It seems like a truism, but playing games gives you the players you need to build a group. How do you prefer to recruit new players these days? Have you had any luck recruiting from meetups and cons, or does it take repeated play to really forge a group? Tell us about how players came together to form your current game groups.
Feeds is a very useful module when it comes to importing content into your Drupal site. However, it’s not very forgiving, in that your data has to be formatted just right for the feed to take. This post will run through the basic feed importers and some key points I learnt from hours upon hours of troubleshooting. I’m pretty sure I’ve spent upwards of 50 hours dealing with feeds thus far in my life.
Before I begin, I have a short rant on the importance of content. You could skip directly to the bits on feeds but then, it’ll be less entertaining.
The heart of every website is its content. At least, most of the time. And as much...
For the sixth year in a row, Central Florida will host the Sunshine State's largest gathering of Drupalists for two full days of learning, networking, and sharing at Florida DrupalCamp 2015. To be held Saturday and Sunday, April 11-12, 2015 at Florida Technical College in Orlando, approximately 300 people will gather for a full day of sessions and a full day of community contributions. Attendees will be provided with knowledge, food, and clothing - and maybe a surprise or two as well!-->
Shadowban uses a permission setting to track which users are banned instead of a roster list. So you add shadowbanned users to a "ban" or "troll" user role to mark them as banned.
This module includes a Rules integration so you can check if a user is shadowbanned and update their node access. Since the shadowban is based on a user role, Rules will already let you add a user to a role.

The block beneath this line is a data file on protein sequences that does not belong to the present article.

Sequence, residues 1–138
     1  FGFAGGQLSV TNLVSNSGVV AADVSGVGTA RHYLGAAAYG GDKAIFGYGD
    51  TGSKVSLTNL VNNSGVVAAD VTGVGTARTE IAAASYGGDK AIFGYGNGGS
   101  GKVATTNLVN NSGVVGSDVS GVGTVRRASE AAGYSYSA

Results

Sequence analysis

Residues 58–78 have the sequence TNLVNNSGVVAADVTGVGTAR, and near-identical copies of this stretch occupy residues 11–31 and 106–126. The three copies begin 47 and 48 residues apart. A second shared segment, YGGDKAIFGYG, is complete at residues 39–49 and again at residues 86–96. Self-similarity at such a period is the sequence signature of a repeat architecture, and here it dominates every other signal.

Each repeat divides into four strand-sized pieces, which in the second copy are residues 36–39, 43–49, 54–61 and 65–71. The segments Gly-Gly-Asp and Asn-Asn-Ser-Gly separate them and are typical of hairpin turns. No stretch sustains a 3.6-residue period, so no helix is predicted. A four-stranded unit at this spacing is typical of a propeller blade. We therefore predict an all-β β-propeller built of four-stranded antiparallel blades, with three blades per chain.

This is identical in concept to Cave, Shadowban puts all the trolls in the same cave.
A few weeks ago, I was pulled into a Non-Drupal project. As I was configuring the site to run on my local computer, I realized that I have been taking advantage of Drupal and Drush. I forgot how easy it was to import and export MYSQL databases. If you're a drupal developer and are not using drush to import and export your databases, you should. It will save you time, and its easy.Configure Settings.php
Before you attempt to import a new database, make sure you have the database configurations setup properly in settings.php. If you don't have this specified, drush...Read More
A media analysis that shows what kind of coverage GDC got as compared to other industry events -- and whether it was Unreal Engine or Unity that got the most play during the show. ...
Guests from Inkle, Unity, Failbetter, and Other Ocean joined Gamasutra and UK radio pros One Life Left for the official GDC 2015 podcast. Topics include: Pork, golf, text game renaissances, and more. ...
In this installment of the Daily Dose of Drupal, we are looking not at a module, but rather how to exclude a node from a view using the node/content ID.
The video explanation will put a lot more context around exactly what I mean, but the general idea is using a view we will be able to exclude the current node id we are on (grabbed from the URL) from the view. In other words, if you are on a page about grasshoppers the view possibly on the sidebar that displays other insects won't have the grasshopper listed (ie since we are already on this page).Tags: DrupalBlocksContent TypesViewsDrupal 7Drupal Planet
Many of the games we play are set in worlds created specifically for those games (or universal enough for player created worlds), but there are plenty of games out there designed to immerse your players in a setting from movies, television, books, comics, and so on. Firefly! Song of Fire and Ice! Supernatural! Doctor Who! Battlestar Gallactica! Star Wars! Buffy the Vampire Slayer! The list is almost endless – if there’s a movie, book, television series, comic book, or whatever out there that tickles our gamer nerd fancy, someone’s made a game out of it. Even if they haven’t, it’s easy enough to find a system that will work for that setting.